3/22/15 March Tarpon Fishing in Islamorada is in full swing

March is rolling on and we are officially in the thick of ‘tarpon season’ here in Islamorada, Florida Keys.  The islamorada tarpon fishing has been fantastic the last week as we’ve had flat calm weather and lots of fish have pushed in from the gulf all the way from cape sable in the everglades, the mid-florida bay, and locally around Islamorada and throughout the rest of the Florida Keys.  The weather look to stay fairly calm the next several days at least and the fish should stay happy.  We’ve been catching live mullet in good numbers and the spring mullet run is a very good time to tarpon fish, it’s the most exciting form of bait fishing for tarpon there is.  There is nothing quite like watching a live mullet run, jump, and panic for his life as a big 100 lb tarpon tries to devour him.  We’ve had action with tarpon since the beginning of March just about every day though with the calm weather the last week is when it’s really heated up.  We caught fish the last couple days on half day trips fishing close by on live bait.  We were also able to mix it up with some patch reef fishing today and caught some islamorada hogfish for dinner.  As we get into April and May that is usually ‘prime time’ for bait tarpon fishing in Islamorada.  I’m fairly booked up though we have a second boat that will be captained by a local offshore fisherman for night trips.  If your looking to get out tarpon fishing during the prime evening hours he is your man, let us know!

Capt. Rick Stanczyk

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3/3/15 March Islamorada Fishing Report

Well March is here and so are the big tarpon in Islamorada.  We had a late winter so it held off some of the normal ‘early arrivals’ that we catch in February.  Though the last week or more it’s been very warm and tarpon are starting to show up in droves.  The last 5 days we’ve caught at least one tarpon every day.  The last two days however they really have started biting well.  We had a total of 9 bites and landed 5 fish in the last 2 days.  Yesterday they were eating the live mullet well, we weren’t able to stick any though were able to catch one on dead bait in the afternoon.  A big slob of 150 lbs, biggest fish this year so far!  Today we went 4 for 4 in the everglades, fish of 60 to 90 lbs.  It should get better and better, and since it is just not starting I think our fishing later in the season should be better.  The last few years fish have shown up way early and often by end of May/June we would have some ‘dry spells’ where there were not many fish or they wouldn’t bite, likely due to too many showing up too early.  Anyways tarpon is what I am focusing on from now on through the Summer.  Of course we sometimes break it up and fish for other things.  I am booked up fairly solid through May, however we are going to be having another very good hard working young captain run a 2nd skiff for us.  If your looking to get out for some good tarpon fishing the next few months, he will be available for evening trips during ‘prime time.’  Drop me a line and let’s catch you that silver king of a lifetime!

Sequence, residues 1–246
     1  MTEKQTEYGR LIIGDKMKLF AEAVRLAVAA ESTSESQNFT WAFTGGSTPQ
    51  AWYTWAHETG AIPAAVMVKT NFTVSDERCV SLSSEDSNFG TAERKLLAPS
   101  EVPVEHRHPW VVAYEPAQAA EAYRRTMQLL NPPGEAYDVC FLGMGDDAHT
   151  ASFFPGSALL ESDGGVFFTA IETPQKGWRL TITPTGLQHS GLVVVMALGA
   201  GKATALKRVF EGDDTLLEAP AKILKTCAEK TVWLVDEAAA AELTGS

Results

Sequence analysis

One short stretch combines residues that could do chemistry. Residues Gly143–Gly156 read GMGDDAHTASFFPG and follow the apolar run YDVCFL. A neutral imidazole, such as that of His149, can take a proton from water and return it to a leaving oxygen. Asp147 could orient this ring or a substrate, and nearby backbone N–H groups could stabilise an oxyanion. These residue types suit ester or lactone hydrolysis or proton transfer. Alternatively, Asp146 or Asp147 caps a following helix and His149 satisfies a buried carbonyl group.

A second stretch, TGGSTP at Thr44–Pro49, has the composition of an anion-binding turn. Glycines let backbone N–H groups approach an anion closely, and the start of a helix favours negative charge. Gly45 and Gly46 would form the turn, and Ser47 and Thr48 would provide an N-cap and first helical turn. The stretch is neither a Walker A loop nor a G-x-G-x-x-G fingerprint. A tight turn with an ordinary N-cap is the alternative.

Capt. Rick Stanczyk

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2/18/15 February Backcountry Fishing Report for Islamorada Florida